Experimental investigations were carried out to elucidate the roles of surface wettability and inclination on the post-impact dynamics of droplets. The maximum spreading diameter and spreading time were found to decrease with increasing inclination angle and normal Weber number (We ) for superhydrophobic (SH) surfaces. The experiments on SH surfaces were found to be in excellent agreement with an existing analytical model, albeit with the incorporation of modifications for the oblique impact conditions. The energy ratios and elongation factors were also determined for different inclination angles. On inclined SH surfaces, different features like arrest of secondary droplet formation, reduced pinch-off at the contact line and inclination dependent elongation behavior were observed. On the contrary, the hydrophilic surfaces show opposite trends of maximum spreading factor and spreading time with inclination angle and We , respectively. This is caused by the dominance of tangential kinetic energy over adhesion energy and gravitational potential at higher inclination angles. Further, the influence of the surface tension (using surfactant solutions, without significantly changing the viscosity) and viscosity (using colloids, without significantly changing the surface tension) for impact on SH and hydrophilic surfaces are probed. The exercise allows better insight on the exact hydrodynamic mechanisms at play during the impact events. Overall, the article provides a comprehensive picture of post-impact dynamics of droplets on inclined surfaces, encompassing a broad spectrum of governing parameters like Reynolds number (Re), Weber number (We), degree of inclination and surface wettability.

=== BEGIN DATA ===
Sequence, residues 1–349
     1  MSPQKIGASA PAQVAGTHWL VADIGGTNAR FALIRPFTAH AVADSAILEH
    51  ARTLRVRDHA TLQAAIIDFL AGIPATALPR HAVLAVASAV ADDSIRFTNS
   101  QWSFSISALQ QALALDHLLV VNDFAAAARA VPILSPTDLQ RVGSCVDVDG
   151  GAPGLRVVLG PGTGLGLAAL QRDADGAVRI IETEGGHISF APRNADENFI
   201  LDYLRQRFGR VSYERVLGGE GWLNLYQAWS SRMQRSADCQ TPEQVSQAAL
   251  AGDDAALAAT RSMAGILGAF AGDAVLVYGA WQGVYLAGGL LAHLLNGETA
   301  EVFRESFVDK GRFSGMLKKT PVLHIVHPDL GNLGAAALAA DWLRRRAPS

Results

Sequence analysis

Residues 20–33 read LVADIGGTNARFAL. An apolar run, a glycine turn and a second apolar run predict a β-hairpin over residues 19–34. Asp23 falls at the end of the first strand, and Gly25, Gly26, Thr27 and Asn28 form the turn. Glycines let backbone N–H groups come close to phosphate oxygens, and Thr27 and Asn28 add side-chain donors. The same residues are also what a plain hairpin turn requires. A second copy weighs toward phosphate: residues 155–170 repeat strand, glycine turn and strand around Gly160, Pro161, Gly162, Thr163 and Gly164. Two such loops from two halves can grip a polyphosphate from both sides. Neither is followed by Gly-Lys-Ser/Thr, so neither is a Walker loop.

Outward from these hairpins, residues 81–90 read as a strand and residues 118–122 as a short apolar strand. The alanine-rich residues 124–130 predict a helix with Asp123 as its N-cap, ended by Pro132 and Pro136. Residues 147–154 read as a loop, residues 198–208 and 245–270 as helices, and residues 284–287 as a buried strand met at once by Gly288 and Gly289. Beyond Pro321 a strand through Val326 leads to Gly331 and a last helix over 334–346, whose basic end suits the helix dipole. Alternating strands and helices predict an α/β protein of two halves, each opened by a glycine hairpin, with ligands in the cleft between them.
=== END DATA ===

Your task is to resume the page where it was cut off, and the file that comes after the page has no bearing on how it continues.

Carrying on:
The three-dimensional flow separation over the Rood wing-body junction is an exemplar application of separation affecting many important flows in turbomachinery and aerodynamics. Conventional Reynolds Averaged Navier Stokes (RANS) methods struggle to reproduce the complexity of this flow. In this paper, an unconventional use is made of a hybrid Reynolds Averaged Navier Stokes (RANS) model to tackle this challenge. The hybridization technique combines the Menter model with the one equation sub-grid-scale (SGS) model by Yoshizawa through a blending function, based on the wall-normal distance. The hybrid RANS turbulence closure captured most of the flow features reported in past experiments with reasonable accuracy. The model captured also the small secondary vortex at the corner ahead of the wing nose and at the trailing edge. This feature is scarcely documented in the literature. The study highlights the importance of the spatial resolution near the wing leading edge, where this localized secondary recirculation was observed by the hybrid RANS model. It also provides evidence on the applicability of the hybrid Menter and Yoshizawa turbulence closure to the wing-body junction flows in aircraft and turbomachines, where the flows are characterized by a substantially time-invariant three-dimensional separation.